"What we are about is connections - we're building connections between the UK, and in this case Scotland obviously, and the rest of the world through English, education and arts and culture,” he said.
Mr Brown’s first job for the British Council was in Bilbao in 1989, followed by a move to be assistant director of studies in the Canary Islands, where he met his wife Carmen Hernandez-Garcia, who is from Gran Canaria.
By the time the couple moved to Edinburgh in September this year, they had notched up a dozen postings in 10 different countries, across three continents, bringing up two children along the way.
From the Canary Islands, Mr Brown moved to Venezuela, then Hungary, Nigeria, Mozambique, Brazil, back to Venezuela, then Uganda, Ethiopia and most recently Serbia, where he covered the western Balkans from Belgrade.
"The brilliant thing about the British Council, from that personal perspective, is that each experience is different,” he said.
“You are learning something new in every country, you're learning a different language and a different culture. The job is different. The travel bug stayed with me.”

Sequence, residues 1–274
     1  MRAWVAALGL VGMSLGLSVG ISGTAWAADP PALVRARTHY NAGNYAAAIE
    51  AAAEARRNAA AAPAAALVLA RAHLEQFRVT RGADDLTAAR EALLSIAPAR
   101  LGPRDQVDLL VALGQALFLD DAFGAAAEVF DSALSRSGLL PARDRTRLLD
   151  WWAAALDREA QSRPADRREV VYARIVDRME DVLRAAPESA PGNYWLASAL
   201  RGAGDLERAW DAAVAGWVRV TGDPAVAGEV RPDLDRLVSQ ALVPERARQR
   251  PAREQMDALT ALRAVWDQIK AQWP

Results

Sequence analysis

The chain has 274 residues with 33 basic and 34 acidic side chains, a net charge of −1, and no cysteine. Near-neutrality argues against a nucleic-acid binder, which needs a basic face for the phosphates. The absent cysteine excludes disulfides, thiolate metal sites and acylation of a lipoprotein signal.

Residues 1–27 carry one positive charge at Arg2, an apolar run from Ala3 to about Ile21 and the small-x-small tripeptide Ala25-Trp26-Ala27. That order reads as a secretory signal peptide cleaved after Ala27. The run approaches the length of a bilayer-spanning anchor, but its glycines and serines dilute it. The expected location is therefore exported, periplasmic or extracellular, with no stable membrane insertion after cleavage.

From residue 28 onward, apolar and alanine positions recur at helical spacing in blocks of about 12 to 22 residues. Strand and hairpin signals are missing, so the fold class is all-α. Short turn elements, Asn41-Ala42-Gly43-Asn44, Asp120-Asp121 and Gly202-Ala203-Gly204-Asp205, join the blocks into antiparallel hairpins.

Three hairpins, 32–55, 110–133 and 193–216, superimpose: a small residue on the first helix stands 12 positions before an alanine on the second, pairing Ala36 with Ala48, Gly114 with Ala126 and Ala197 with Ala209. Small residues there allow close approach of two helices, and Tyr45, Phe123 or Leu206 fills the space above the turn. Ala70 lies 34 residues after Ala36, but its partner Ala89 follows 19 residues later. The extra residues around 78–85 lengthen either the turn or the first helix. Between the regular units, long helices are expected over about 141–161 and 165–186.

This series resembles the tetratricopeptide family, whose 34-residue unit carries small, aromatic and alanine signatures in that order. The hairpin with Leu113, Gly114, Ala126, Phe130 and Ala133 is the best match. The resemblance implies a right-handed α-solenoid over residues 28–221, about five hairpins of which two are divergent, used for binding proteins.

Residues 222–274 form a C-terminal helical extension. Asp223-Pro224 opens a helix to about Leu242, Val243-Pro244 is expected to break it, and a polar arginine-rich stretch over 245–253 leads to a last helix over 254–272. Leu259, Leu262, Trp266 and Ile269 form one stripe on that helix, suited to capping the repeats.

On the surface, promoting British culture might not seem like the easiest job in a country like Serbia, where the Nato bombings from a quarter of a century ago will remain fresh in the memory of many.
But Mr Brown, who started in the Balkans on the day the Serbian Government declared a state of emergency in response to the Covid-19 pandemic, said the work of the British Council was well received.
He highlighted a scheme called “21st Century Schools”, which was funded by the UK Government and delivered by the British Council along with various partner organisations.
"That programme reached one million children across the western Balkans in 4,000 schools,” he said.
"What it did was develop the kids, working through the school leaders and the teachers, develop their problem solving and critical thinking skills, and their coding skills – a programme that is really benefiting the schools and families in the region.
"When you are working in that sort of area, the collaboration with the British Council is absolutely positively seen, there's no doubt about it.”
The British Council established an office in Scotland in the aftermath of World War II, and it recently moved to the ninth floor of Edinburgh’s Canning Street, with panoramic views of the city’s skyline.
Mr Brown is relishing the chance to return home, along with his family and Serbian dog Milo.
"It's great to be back here. All of my experience until now has been working for the British Council outside the UK, so working these connections, building the understanding and the trust and so on, but from that perspective, linking whatever country I'm working in to the UK, in different ways,” he said.
“So it's really interesting to come back to Scotland, to come home and work at that from the other angle as well – in this case building the connections between Scotland and the rest of the world in arts and culture, and education."